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Levorphanol (Levo-Dromoran®) is an opioid medication used to treat severe pain. It is the laevorotary stereoisomer of the synthetic drug morphinan (Dromoran) and a pure opioid agonist, first described in Germany in 1946 as an orally active morphine-like analgesic. Morphinan is the parent drug and prototype of a large series of opioid and/or NMDA pure or mixed agonists used in medicine including nalbuphine, butorphanol, dextromethorphan, and others. One morphinan derivative, cyclorphan was found to be highly hallucinogenic and psychotomimetic and have other untoward effects and of course was never marketed as an analgesic.
Levorphanol has the same properties as morphine with respect to the potential for habituation, tolerance, physical dependence and withdrawal syndrome. 30 mg of oral morphine is roughly equianalgesic to 4 mg of oral levorphanol. The laevo isomer is the source of the narcotic properties of the racaemic drug Dromoran, but the dextro isomers are also useful in medicine: in addition to acting on sigma opioid receptors, the O-methyl derivative of its dextrorotary isomer, dextromethorphan, acts as an NMDA receptor antagonist. Typical doses of levorphanol include 2 mg by mouth or subcutaneous injection every 6 to 8 hours.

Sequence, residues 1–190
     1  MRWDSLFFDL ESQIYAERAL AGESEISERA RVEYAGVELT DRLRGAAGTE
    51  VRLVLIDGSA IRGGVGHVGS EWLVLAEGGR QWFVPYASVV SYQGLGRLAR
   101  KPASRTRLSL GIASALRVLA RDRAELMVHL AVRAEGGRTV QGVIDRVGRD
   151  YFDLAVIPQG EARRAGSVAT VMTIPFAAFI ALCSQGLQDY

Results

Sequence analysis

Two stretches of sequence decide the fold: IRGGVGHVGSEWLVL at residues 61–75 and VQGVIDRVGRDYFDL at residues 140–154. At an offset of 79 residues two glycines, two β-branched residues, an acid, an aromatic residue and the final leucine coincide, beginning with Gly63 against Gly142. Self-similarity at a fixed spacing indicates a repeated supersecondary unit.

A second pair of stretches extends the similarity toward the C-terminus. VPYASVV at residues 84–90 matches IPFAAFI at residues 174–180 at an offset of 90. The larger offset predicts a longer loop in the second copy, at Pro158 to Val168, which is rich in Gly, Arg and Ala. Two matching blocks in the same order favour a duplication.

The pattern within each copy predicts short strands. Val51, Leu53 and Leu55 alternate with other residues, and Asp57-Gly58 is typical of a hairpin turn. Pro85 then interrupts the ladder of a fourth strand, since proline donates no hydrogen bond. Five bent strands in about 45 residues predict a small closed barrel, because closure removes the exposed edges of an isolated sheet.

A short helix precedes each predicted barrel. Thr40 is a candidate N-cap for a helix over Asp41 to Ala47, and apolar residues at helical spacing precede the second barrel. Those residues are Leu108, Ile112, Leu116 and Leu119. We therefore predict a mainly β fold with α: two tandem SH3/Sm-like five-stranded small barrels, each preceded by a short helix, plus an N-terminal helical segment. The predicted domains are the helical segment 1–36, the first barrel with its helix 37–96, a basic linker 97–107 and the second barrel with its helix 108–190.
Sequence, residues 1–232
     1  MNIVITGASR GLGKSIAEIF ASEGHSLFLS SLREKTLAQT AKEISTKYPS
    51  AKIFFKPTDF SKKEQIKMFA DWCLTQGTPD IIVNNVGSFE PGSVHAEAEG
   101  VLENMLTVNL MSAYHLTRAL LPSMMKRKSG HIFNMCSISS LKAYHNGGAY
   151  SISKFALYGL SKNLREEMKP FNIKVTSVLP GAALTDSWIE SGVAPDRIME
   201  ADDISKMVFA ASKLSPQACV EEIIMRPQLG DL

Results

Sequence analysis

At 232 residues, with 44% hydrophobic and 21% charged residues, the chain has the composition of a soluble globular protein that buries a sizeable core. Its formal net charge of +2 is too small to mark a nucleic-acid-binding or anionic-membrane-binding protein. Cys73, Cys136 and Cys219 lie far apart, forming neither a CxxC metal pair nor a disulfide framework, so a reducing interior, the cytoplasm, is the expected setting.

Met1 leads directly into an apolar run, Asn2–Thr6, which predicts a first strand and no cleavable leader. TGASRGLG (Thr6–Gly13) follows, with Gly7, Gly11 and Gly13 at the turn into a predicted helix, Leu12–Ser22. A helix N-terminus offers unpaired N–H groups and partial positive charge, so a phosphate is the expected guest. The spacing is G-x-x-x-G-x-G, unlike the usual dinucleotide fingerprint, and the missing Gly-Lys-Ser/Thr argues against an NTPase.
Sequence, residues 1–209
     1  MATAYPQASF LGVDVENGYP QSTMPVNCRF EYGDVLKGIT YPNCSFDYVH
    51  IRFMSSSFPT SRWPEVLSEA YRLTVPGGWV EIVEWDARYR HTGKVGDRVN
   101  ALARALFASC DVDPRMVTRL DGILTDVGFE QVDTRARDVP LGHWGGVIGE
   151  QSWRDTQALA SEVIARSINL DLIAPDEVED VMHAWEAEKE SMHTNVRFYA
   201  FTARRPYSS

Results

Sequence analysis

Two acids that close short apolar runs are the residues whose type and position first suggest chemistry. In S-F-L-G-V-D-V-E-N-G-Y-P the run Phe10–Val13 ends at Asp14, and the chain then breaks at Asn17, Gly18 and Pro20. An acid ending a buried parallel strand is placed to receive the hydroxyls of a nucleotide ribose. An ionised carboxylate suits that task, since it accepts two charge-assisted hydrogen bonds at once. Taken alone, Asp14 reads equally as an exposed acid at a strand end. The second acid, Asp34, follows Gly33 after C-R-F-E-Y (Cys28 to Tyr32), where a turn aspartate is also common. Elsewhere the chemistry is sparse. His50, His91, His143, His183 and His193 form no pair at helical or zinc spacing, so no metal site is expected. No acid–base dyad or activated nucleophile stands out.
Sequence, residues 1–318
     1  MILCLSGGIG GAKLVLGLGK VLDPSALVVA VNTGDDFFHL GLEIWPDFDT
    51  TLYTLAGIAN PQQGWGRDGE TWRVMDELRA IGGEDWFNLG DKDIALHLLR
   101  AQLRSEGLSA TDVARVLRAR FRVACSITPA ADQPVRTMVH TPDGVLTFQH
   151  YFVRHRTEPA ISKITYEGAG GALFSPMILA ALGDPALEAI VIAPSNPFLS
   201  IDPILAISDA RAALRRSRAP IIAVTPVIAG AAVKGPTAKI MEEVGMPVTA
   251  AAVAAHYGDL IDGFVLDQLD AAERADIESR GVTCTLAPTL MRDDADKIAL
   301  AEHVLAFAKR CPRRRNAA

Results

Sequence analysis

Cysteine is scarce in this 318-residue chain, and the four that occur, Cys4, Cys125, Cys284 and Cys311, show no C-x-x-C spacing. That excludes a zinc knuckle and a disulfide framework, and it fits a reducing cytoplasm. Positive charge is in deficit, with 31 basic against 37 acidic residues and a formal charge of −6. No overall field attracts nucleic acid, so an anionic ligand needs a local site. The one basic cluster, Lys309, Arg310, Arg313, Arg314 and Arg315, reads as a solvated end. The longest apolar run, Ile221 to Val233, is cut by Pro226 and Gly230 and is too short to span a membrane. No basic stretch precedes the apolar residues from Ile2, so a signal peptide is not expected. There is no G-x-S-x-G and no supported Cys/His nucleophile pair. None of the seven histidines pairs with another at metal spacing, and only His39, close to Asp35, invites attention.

Levorphanol has affinity to μ, κ, and δ opioid receptors, but lacks complete cross-tolerance with morphine. It has a mean duration of action from 4-7 hours and for this reason is useful in palliation of chronic pain and similar conditions. Levorphanol has an oral to parenteral effectiveness ratio of 2:1, one of the most favourable of the strong narcotics. Its NMDA actions, similar to those of the phenylheptylamine open-chain narcotics such as methadone and ketobemidone, make levorphanol useful for types of pain that other analgesics may not be as effective against.
|This article is licensed under the GNU Free Documentation License. It uses material from the Wikipedia article "Levorphanol". A list of authors is available in Wikipedia.|